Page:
Nac Mac Vegan: adventures in rabbit food

16/01/2011

Auld Hoose Sunday Lunch

Filed under: Eating out, Pub grub — Tags: , , , — Feòrag @ 15:33

Auld Hoose vegan Sunday LunchUsually, when I go to the Auld Hoose on a Sunday afternoon, it’s for breakfast. This week, I thought I’d try the Sunday roast. I commented that the vegan meal was presumably the same as the vegetarian one, minus the Yorkshire puddings and Jonathan, behind the bar, informed me that they had vegan Yorkshires. That I had to try!

The meal consisted of a classic nut roast with the traditional trimmings. The nut roast itself made no attempt to disguise its main ingredient, and was excellent. The roast potatoes were crispy on the outside, and melty within, and the Yorkshire puddings made my day. The main disappointment was the offering of vegetables, mostly frozen I suspect. There again, it’s not the season for anything other than cabbage and spuds right now.

It did lie a little heavy on my stomach afterwards, but that’s the idea isn’t it?

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20/03/2010

Vegan Breakfast at The Auld Hoose, Edinburgh

Filed under: Eating out, Pub grub — Tags: , , , , — Feòrag @ 14:37

Vegan Breakfast at the Auld Hoose

Vegan Breakfast at the Auld Hoose with sausages, haggis, beans, mushrooms, hash browns, onions and fried bread.


One of the things that pains me about Edinburgh is that since Susie’s Wholefood Diner stopped doing Sunday brunch over a decade ago, there’s not really been a good option for a vegan breakfast. Roseleaf in Leith comes close with their “Leafer”, if you exchange the egg for something else, but they have no substitute for the butter. It does include spinach, though, which makes me happy.

My problem is that I have not been looking under my own nose at one of my regular drinking establishments – The Auld Hoose on St. Leonard’s Street. Perhaps it’s because I’m rarely in there before 5pm, when they stop serving breakfast?

The Auld Hoose is a very traditional pub with a loud rock, goth and punk jukebox and a clientèle to match. It does good solid food, about seven different ciders (including Addlestone’s and Weston’s Organic), a respectable range of whiskies from around the world and lots of beer.

The breakfast is available 7 days a week, and is a build-your-own job. There are more than enough vegan options to go for the seven item version. The vegetarian sausages, haggis and hash browns are all vegan. I chose all three of those plus beans, mushrooms, onions and fried bread. I can’t abide the half-cooked tomatoes that are a breakfast staple, and the chips just seemed Wrong. It’s all pretty standard stuff except the fried bread which is made with baguette, and very filling. My only criticism is that is would be nice to have toast as an option. Well, spinach would be nice too, but I suspect I’m the only person outside Australia who has a thing for breakfast spinach.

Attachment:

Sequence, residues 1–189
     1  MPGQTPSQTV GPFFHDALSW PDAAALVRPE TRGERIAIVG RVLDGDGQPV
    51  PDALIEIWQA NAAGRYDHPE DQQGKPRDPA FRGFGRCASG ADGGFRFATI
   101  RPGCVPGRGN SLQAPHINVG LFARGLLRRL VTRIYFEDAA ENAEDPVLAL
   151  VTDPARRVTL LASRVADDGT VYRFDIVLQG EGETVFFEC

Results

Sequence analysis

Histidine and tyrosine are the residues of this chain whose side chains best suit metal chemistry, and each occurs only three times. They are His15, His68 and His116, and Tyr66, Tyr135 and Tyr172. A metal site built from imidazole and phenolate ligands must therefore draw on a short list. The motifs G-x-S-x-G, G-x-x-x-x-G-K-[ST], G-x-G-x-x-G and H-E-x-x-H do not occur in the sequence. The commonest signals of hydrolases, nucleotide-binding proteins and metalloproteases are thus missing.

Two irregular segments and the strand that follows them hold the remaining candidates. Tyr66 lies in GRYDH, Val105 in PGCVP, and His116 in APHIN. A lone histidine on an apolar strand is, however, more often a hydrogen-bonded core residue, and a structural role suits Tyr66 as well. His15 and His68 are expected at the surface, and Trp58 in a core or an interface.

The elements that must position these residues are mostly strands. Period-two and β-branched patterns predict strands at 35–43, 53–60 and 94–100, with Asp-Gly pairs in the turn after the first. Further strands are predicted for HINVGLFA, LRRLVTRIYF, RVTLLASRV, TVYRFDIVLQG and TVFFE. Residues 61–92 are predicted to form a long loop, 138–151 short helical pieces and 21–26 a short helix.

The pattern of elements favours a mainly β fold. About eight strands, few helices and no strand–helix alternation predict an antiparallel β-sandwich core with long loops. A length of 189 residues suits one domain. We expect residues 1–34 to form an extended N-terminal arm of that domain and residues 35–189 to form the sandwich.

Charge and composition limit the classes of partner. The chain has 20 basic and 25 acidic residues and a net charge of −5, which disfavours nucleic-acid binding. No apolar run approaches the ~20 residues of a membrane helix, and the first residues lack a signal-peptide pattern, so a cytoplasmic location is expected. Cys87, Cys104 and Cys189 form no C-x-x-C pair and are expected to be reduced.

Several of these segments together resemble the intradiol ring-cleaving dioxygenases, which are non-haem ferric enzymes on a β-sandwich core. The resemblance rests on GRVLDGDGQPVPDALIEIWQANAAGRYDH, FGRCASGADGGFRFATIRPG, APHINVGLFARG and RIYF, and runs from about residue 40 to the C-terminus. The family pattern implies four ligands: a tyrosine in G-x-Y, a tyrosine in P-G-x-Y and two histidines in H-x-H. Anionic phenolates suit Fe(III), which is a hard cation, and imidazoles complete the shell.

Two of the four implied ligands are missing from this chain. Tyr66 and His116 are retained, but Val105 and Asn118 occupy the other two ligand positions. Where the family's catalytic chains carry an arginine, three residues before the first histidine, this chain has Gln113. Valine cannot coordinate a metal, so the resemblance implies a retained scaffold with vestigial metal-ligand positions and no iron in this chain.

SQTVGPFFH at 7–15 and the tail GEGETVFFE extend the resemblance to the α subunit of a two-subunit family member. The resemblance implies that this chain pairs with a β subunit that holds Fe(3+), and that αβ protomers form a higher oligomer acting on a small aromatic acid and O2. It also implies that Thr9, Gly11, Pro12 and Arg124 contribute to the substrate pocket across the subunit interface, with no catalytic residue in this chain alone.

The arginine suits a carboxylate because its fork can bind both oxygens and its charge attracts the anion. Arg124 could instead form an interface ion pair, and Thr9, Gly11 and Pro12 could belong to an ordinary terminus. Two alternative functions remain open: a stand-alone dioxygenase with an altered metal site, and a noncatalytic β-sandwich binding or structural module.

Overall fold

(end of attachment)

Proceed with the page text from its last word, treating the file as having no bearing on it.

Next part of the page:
The rest of the menu is quite vegan friendly too. The burgers are also build-your-own and the usual veggie burger is vegan. Very rarely they are unable to get the vegan one, so it’s a good idea to check if the staff don’t know you. If they do know you, they’ll let you know. My usual combination, when I have enough of an appetite to eat that much, is relish, jalapenos and mushrooms. There’s a vegan nut roast on Sunday and of the main courses, the five bean chilli and the veggie haggis are both vegan. Snacks, which are big enough for most people as a meal, include pakora and pole-dancing onion rings (ask for the sour cream dip to be substituted for something else) plus the ubiquitous chips.

The Auld Hoose, 23-25 St Leonards Street, Edinburgh, EH8 9QN. Tel: 0131-668 2934. [Map]

08/11/2009

Oslo: Vega Fair Food

Filed under: Eating out — Tags: , , , , , — Feòrag @ 12:48

Sunday is a bit of a dead loss in Oslo, but Vega, located in a former hydrotherapy baths run by the Seventh Day Adventists, is the one exclusively vegetarian place that is open that day (but not, obviously, on Saturdays).

The old Kurbadet entrance.It’s a bit tricky to find. You need to go in the main entrance to the baths (Kurbadet), which looks locked. It isn’t – you just need to turn the knob. Turn left, though the most spectacular Arts and Crafts corridor and turn right just before you get to the door of what used to be the men’s bath.

English is spoken, and they will guide you through the options available to you, and let you know which few dishes in the buffet are not vegan. This afternoon, the only things that weren’t were a pasta salad containing feta, and the lasagne. The lunch buffet was 125 Kr., drinks other than tap water extra.

Keep going down this corridorThere was a creamy asparagus soup, and a wide variety of salads to choose from. The hot dishes were the aforementioned lasagne, stir-fried mixed vegetables and rice – I didn’t bother as the salads were more than satisfying. By the bread were a couple of chutneys–a fantastic banana one, and an Indian style one consisting of large pieces of green chilli and whole cloves of garlic. I liked that one even more.

The atmosphere is exceptionally peaceful and relaxed. There are no windows in the dining area, yet it didn’t feel like I was in a hole in the ground. The loos are worth mentioning, too. Outrageously clean is the default in Oslo, but considerable care had been taken in their decoration too.

Update: I returned the following spring, and the food was even better. The only pain was the woman outside who wanted to evangelise me, even though she spoke bugger-all English.

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